Ibd

DNA fragment of interest

MATT C c ttaa g

Recombinant DNA

figure 13-2

Gaattc c ttaa )g

The restriction enzyme in this figure recognizes the sequence GAATTC on each DNA and cuts each chain between the G and A nucleotides. DNA fragments with sticky ends result.

figure 13-3

In a DNA fingerprint, DNA samples are cut, transferred to a nylon membrane, and exposed to radioactive probes. Explosing X-ray film to the membrane makes the fingerprint visible.

In a DNA fingerprint, DNA samples are cut, transferred to a nylon membrane, and exposed to radioactive probes. Explosing X-ray film to the membrane makes the fingerprint visible.

^^ Cut DNA with Run restriction fragments ^^ Transfer DNA to nylon ^^ Expose X-ray film to restriction enzyme. through gel electrophoresis. membrane. Add radioactive radiolabeled membrane.

probes that bind to complementary DNA.

^^ Cut DNA with Run restriction fragments ^^ Transfer DNA to nylon ^^ Expose X-ray film to restriction enzyme. through gel electrophoresis. membrane. Add radioactive radiolabeled membrane.

probes that bind to complementary DNA.

A DNA fingerprint can pinpoint subtle genetic differences that identify each individual uniquely. Identical twins share the same DNA fingerprint.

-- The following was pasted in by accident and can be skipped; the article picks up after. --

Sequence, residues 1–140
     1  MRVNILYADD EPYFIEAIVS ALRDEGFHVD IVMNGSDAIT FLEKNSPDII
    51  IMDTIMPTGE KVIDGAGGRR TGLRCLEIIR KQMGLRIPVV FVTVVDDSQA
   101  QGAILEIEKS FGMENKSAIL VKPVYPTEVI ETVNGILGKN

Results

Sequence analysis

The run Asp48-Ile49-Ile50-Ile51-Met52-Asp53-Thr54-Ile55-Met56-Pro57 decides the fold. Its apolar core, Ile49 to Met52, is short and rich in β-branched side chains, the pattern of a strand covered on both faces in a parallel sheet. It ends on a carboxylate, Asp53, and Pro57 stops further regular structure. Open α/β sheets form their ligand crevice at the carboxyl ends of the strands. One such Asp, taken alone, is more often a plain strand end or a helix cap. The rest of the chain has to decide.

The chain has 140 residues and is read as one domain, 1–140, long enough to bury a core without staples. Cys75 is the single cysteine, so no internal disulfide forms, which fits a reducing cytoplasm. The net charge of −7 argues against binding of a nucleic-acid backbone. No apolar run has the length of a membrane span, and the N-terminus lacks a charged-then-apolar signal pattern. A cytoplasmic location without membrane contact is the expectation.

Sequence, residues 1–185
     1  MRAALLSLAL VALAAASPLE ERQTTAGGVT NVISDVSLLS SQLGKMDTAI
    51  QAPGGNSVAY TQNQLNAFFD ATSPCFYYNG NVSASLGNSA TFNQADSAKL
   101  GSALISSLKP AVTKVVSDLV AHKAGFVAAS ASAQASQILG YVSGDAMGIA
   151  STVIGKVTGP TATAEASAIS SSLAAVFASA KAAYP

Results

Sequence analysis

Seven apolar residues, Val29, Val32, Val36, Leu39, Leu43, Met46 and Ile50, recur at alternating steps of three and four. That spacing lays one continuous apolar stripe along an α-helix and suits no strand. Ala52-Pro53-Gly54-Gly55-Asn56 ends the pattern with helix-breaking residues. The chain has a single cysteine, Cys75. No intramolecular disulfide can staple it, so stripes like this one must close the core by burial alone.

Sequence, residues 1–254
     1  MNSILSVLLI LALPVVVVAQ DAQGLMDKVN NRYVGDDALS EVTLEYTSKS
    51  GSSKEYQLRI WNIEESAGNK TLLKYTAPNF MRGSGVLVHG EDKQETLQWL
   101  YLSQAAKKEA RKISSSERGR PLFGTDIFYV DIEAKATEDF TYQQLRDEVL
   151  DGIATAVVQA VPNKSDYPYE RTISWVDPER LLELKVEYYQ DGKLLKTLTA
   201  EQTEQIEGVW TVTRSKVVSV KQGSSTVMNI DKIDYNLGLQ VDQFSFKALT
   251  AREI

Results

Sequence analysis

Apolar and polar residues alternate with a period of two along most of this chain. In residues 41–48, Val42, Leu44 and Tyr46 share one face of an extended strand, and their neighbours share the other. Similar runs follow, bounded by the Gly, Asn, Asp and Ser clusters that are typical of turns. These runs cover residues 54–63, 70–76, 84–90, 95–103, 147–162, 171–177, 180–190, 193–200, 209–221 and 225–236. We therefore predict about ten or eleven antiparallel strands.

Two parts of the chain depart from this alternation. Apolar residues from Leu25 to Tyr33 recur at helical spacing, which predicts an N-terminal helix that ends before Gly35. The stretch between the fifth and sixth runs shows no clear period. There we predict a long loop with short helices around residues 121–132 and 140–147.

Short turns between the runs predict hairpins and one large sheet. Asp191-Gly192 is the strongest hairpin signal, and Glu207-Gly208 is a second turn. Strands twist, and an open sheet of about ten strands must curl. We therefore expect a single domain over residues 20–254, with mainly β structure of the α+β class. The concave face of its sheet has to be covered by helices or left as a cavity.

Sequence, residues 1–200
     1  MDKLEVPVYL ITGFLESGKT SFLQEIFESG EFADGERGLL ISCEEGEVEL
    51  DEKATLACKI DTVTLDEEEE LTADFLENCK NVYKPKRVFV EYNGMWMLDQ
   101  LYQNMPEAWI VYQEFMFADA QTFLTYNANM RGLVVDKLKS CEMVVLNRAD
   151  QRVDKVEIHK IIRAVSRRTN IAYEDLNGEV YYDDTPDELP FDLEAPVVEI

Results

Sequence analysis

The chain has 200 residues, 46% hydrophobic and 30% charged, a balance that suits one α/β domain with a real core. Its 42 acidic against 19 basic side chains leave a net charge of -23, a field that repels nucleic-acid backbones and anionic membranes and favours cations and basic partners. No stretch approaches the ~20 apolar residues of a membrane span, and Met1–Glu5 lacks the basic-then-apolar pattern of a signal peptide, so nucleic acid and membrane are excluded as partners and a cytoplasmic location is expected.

Comparing DNA: DNA Fingerprints

To permanently preserve the DNA fingerprint, a technician can place a positively charged nylon membrane over the gel and transfer the negatively charged DNA to the membrane. To visualize specific DNA pieces, biologists can prepare a nucleic acid complementary to the DNA of interest and label it radioactively. A sheet of X-ray film placed over the gel will be exposed only where the desired DNA is on the gel, providing a DNA fingerprint. An example of a DNA fingerprint is shown in Figure 13-4.

Accuracy of DNA Fingerprints

What makes a DNA fingerprint so powerful as an identification tool is the combined analysis of many VNTR loci. Analyzing only one VNTR locus is like having only one digit in a person's telephone number. DNA fingerprinting typically compares from five to thirteen VNTR loci. Thirteen loci, as often used by some crime labs in their criminal profiles, produce the odds that two people will share a DNA profile at about one in 100 billion. There are about 6.5 billion people on Earth, so this should be enough to remove any doubt.

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